So you thought clubbing was mindless fun? Not for the new breed of dance floor intellectuals, says Oliver Bennett
THE DANCE music scene has been writ large for a decade or so, and during these years, popular sentiment has built up a tragic picture of drugged and glassy-eyed youth, arms reaching out moth-like to the light, their only verbal appreciation a gurned "wicked", or "nice one", before they pass out with heat-stroke and a nosebleed.

And yet, now that the scene has progressed, it is luring in a different sort of punter, more mature and conceptual, who brings a certain chin- stroking, analytical approach to dance. For writers and academics are finding that raving fulfils certain needs, and these boffins of the beat like to chill out with a chat about the anthropology of trance-dancing as they sit among the post-rave scatter cushions.

An accusation levelled against techno and its various musical relations is that it is moronic, robotic, banal; of interest only to the basest of disco needs. Not so, say the smart rave protagonists. "Certainly one of the great lures for the writer and intellectual is that non-verbal, total immersion in the music," says Geoff Dyer, whose novel, Paris Trance (to be published in April by Abacus), is marketed as "a Tender is the Night for the Ecstasy Age". But that's not all: "I see techno as the last great narrative of the century. After all the fragmentation of post-modernity, everything is reconstituted in techno." Dyer has reflected this in his novel by reconstituting (and acknowledging) lines from Hemingway, among others.

Crucially important, the boffin line goes, is that techno and trance is atavistic and futuristic at once: aspiring to primordial ritual while also being, as Dyer says, "reliant on a bank of new technologies: pharmaceutical, technical and musical." Also significant is that techno is, to use the old Modernist phrase, a truly international style. "You get it everywhere in the world in slightly different forms," says Dyer, likening it to fast- food franchising.

Author Tim Pears, whose book, In A Land of Plenty, was published last year, is also an aficionado of the rave, and says: "A good DJ does weave a narrative, a story. And you get the situation where they pass the story on, like a baton, to another DJ." But mostly, adds Pears, he is involved because it is "an intense, happy experience" that marries the mind and body.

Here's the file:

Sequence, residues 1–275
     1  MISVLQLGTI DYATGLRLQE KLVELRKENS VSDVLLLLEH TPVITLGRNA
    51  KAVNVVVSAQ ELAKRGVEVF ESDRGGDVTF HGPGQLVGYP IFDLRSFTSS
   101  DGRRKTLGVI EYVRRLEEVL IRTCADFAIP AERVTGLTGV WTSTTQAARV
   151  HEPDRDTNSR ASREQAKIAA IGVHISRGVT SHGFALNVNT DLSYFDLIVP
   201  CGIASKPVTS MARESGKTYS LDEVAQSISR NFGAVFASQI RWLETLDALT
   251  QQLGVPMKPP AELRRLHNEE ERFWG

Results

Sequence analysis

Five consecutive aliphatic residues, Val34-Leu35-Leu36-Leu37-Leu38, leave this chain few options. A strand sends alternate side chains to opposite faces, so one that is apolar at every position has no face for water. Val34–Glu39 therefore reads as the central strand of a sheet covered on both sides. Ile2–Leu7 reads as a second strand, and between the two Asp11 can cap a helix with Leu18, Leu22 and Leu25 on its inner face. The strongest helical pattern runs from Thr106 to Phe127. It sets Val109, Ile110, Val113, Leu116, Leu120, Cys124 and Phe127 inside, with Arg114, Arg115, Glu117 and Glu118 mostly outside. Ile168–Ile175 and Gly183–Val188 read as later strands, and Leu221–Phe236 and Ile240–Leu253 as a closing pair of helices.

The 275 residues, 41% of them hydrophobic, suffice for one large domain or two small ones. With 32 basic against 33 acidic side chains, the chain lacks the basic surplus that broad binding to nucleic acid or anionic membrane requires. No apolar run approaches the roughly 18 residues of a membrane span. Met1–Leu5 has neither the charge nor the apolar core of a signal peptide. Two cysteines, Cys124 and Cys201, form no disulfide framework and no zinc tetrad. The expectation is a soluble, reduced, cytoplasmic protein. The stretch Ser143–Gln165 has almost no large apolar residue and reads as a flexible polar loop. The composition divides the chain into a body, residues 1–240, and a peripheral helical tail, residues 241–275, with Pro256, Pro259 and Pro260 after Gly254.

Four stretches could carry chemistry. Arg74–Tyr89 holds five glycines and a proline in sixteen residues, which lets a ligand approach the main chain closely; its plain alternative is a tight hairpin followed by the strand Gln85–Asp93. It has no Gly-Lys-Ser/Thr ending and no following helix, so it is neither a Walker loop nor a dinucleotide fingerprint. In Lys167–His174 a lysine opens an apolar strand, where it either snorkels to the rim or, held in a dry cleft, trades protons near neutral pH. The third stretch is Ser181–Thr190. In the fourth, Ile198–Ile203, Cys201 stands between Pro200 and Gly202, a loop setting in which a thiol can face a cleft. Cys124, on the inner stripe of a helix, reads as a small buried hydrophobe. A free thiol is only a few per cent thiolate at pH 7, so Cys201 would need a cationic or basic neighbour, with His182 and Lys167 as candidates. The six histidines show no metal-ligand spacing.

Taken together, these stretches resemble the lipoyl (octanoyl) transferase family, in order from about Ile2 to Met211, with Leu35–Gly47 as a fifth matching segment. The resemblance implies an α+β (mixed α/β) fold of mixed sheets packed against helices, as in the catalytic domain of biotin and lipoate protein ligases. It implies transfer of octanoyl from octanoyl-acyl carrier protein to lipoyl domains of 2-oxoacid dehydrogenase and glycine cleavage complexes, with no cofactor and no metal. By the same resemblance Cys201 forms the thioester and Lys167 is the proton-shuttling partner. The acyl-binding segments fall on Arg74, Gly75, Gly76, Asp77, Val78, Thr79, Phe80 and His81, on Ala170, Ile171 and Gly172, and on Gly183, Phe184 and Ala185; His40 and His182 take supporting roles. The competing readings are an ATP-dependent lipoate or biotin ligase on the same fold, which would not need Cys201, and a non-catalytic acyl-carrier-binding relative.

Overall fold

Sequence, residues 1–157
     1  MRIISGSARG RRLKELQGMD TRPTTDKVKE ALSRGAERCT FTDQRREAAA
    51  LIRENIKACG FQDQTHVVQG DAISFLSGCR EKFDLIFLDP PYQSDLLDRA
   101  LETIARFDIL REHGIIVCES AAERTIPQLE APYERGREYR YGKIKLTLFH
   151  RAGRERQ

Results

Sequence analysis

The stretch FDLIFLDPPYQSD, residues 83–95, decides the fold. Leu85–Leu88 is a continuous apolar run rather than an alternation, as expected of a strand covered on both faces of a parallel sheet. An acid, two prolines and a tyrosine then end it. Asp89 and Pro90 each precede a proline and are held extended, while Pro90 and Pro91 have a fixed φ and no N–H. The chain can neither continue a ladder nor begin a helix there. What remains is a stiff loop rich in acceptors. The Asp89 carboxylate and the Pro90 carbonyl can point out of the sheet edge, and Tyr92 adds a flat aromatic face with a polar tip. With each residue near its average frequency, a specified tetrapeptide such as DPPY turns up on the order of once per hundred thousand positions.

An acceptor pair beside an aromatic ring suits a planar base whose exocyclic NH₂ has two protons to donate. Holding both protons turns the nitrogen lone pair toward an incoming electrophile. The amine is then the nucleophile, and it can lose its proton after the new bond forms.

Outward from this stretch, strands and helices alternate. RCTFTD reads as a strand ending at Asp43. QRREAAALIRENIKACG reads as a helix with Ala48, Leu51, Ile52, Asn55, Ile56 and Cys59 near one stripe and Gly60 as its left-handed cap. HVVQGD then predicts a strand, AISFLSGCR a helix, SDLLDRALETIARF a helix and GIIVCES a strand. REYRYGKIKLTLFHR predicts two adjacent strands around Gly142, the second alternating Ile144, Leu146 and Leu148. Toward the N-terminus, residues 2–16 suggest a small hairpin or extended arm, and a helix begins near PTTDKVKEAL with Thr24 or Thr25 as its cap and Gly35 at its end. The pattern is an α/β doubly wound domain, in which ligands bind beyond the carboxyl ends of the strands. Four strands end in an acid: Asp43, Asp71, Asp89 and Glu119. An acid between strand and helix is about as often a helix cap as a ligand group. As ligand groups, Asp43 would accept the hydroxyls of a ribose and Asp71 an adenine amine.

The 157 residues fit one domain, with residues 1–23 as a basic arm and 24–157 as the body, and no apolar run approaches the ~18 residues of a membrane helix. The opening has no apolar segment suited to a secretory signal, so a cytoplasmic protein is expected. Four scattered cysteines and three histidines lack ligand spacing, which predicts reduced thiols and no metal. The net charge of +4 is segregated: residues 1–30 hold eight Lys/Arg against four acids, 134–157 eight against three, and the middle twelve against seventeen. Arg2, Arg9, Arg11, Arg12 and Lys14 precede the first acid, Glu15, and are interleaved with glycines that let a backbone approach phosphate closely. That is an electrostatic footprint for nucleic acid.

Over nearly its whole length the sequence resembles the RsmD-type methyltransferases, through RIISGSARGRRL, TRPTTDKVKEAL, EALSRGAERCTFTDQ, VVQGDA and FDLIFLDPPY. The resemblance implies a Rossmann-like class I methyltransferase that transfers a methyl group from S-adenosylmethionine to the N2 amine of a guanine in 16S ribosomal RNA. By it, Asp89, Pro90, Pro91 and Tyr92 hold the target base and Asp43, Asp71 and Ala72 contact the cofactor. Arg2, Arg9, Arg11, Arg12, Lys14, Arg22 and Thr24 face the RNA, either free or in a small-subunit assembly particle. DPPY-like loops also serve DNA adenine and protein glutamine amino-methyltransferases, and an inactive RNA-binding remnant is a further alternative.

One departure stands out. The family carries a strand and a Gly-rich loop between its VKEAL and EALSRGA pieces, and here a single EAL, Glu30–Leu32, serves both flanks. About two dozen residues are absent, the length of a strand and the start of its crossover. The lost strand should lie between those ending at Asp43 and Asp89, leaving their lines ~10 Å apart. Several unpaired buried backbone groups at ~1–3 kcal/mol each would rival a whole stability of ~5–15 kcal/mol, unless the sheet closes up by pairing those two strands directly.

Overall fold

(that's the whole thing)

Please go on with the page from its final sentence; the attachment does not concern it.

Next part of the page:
Another analyst of the scene, radio pundit Charles Ledesma, says that techno is, contrary to popular opinion, "not simple music. Much is sophisticated and complex, with elements from sources as eclectic as Indian raga and the industrial music of the Eighties. At the top end, it is contemporary classical music."

Roger Griffin is professor of history at Oxford Brookes University and a specialist in fascism and nationalism - a knowledge which, strange as it may seem, he brings to the dance floor. "Rave is like a positive Nuremberg Rally," he says. "Everyone is involved in individual expression, but the mass is as one."

Professor Griffin didn't "get" techno when he first heard it: "I couldn't get beyond the beat." But after his wife took him to an Exodus party in Luton, he began raving. Since then he has been to all-nighters at the rate of about one a week and, in between writing books on twentieth-century nationalism, has written sleeve notes for CDs. He says the scene has "changed his life", and he brings to the rave a mass of historical references from Dionysus to William Blake.

"Western intellectuals have been dismissive of dance music," he says. "As a social group, they have a problem letting themselves go. It all goes back to Descartes and the mind-body dualism. But I'm sure Descartes would have loved the primordial experience of dancing to techno and trance music." Those uptight intellectuals with their over-reliance on the cerebral have, he says, suffered from "a hypertrophy of the left frontal lobe". But along comes the "archetypal experience of the dance", which "accesses the primitive limbic system as well as the neo-cortex", enabling the raver to unify the intellectual and physical and "access a higher state". Prof Griffin says that it is "a complex physiological process", but one that enables him to have what he calls a "peak experience".

It is useful that the rave scene is inclusive. Prof Griffin, 50 years old this month, says, "What's wonderful about the dance scene now is that people with what were once called 'straight' lives are dipping into it." The "weekend hippy" construct of the Woodstock generation does not compare with it, he thinks, and he cites another positive side effect: "It keeps you very fit." As for drugs, Prof Griffin quotes Blake: "No bird soars higher than if it soars on its own wings."

He even finds the fashion side of the dance scene interesting: "a bit like the salon scene in eighteenth-century France." But the important point is that raving offers an experience that is missing from modern life. "A secular society does not train people in ritual experience. The rave brings some of that back."

Most of his raving friends are "high-powered people", he says. "We have found what's missing through the dance scene. We take it seriously, but it's fun, too. Serious like yoga is serious."

How do the more callow ravers feel about it? "They are chuffed that there's a professor in the house," he says. "It gives them a sense that we're all doing something important."

The more radical club-runners appreciate this interest. Chris Deckker, a partner with Return to the Source, is delighted that rave is being taken seriously. "It shows there is something deeper here than just being off your face," he says. "People are becoming inquisitive, and there is this intellectual stirring on the scene." Such is the demand that Return to the Source produce 74-page booklets with their CDs, including texts by Professor Griffin. Whatever else, it sure changes the meaning of getting mental on the dance floor.